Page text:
The chess game that started a few weeks ago with the AOL/Goodmail announcement continued this week with AOL countering the MoveOn.org move last week that called the proposed CertifiedMail program an e-mail tax. According to MoveOn.org, the cost to deliver e-mails to the AOL inbox would hurt nonprofit organizations, such as themselves, by making it too expensive to reach their constituents.
AOL countered late last week with an announcement that delivery to the AOL inbox would be free, although it would not be delivered through the Goodmail system and would not contain the branded “seal of approval” that is part of the Goodmail value proposition. Instead, the e-mails would be delivered through the AOL white listing service and would have the added benefit of ensuring that the non-profits’ HTML would render properly.
Not to be outdone, Goodmail competitor Habeas announced on Monday that it was launching its own program to help nonprofits get into the inbox. According to their press release, once the nonprofit has been okayed by Habeas, and paid the $200 certification fee, it will be automatically added to the Habeas Safelist program “which is used by more than 70,000 e-mail networks at both ISPs and enterprises to assist in delivering legitimate e-mail. Once a sender is on the Habeas SafeList, they will be considered a legitimate sender by most ISPs, a critical step to maintaining and improving delivery rates. If for any reason an organization does not meet the certification standards, Habeas will evaluate their existing practices and offer guidance into the areas that need to be fixed.”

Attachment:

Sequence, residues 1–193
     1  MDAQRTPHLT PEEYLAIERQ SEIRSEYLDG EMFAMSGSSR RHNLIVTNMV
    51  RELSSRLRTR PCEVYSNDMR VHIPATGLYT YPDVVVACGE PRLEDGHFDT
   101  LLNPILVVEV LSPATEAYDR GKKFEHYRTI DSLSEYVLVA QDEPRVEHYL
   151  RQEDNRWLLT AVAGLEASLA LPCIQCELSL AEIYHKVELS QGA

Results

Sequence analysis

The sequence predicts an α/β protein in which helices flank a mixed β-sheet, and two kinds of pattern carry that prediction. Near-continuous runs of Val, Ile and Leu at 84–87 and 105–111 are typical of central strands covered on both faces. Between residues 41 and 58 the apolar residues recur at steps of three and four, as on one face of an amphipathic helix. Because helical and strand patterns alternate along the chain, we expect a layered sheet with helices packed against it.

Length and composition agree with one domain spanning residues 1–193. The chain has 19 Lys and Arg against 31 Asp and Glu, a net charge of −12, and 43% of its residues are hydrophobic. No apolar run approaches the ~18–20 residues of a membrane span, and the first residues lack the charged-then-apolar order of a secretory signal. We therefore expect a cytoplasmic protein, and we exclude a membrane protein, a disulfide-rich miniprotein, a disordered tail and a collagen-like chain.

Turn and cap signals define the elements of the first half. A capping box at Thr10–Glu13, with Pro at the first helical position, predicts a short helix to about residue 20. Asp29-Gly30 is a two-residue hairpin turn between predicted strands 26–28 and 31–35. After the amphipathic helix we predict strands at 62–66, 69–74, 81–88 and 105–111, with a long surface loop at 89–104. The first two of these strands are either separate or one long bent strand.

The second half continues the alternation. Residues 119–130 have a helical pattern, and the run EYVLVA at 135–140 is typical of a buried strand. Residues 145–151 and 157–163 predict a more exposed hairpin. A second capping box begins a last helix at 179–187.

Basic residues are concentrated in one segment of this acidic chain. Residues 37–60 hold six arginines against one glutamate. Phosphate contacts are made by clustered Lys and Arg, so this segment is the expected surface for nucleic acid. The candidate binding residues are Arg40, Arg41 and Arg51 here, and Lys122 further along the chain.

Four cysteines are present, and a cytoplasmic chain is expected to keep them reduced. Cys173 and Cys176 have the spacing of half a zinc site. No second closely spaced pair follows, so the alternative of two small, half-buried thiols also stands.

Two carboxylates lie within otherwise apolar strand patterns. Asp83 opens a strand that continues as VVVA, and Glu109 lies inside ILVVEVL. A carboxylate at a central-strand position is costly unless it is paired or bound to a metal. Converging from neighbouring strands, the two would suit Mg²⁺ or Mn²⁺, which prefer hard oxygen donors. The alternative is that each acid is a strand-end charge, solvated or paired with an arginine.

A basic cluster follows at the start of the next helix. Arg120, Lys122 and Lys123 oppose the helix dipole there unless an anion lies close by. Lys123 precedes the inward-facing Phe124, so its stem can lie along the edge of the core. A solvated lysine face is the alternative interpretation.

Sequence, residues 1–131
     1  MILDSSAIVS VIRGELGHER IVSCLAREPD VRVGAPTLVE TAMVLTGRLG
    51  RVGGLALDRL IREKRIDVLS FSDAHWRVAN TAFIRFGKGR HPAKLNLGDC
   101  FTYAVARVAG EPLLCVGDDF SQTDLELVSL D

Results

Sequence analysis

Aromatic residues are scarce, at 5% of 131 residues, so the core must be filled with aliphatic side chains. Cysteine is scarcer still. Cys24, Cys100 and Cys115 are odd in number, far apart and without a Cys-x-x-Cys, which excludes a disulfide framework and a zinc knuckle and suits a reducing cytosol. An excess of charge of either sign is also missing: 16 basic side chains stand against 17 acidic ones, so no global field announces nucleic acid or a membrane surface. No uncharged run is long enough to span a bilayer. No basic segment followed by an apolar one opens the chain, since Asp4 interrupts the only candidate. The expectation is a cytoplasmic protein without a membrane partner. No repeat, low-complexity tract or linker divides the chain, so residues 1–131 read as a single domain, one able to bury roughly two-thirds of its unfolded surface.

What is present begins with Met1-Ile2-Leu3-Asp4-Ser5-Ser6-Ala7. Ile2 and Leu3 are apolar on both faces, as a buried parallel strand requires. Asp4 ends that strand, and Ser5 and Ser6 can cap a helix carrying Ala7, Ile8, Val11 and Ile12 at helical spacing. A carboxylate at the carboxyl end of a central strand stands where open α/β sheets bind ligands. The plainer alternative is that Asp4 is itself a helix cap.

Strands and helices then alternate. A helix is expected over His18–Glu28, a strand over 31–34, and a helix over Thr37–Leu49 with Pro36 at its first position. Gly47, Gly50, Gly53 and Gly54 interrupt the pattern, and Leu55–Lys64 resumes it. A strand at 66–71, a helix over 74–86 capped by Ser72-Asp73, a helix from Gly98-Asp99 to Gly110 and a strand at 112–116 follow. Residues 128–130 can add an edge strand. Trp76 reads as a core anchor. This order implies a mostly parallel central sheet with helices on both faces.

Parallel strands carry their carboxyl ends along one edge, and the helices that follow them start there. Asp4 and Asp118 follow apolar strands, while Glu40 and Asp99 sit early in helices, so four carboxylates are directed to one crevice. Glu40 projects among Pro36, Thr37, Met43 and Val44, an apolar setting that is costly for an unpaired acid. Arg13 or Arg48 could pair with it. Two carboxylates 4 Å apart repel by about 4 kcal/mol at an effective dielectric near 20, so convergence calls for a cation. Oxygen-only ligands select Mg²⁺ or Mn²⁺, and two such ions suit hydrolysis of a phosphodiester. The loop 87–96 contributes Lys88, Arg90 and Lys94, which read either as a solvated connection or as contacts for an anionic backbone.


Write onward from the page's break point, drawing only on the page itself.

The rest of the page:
In the meantime, Goodmail’s CEO Richard Gingras said that he is growing weary of the game: "I'm not too thrilled about the recent attention," he told USA Today. (http://www.usatoday.com/tech/news/computersecurity/2006-03-05-goodmail_x.htm)
But whether or not he likes it, in all certainty, the games will continue.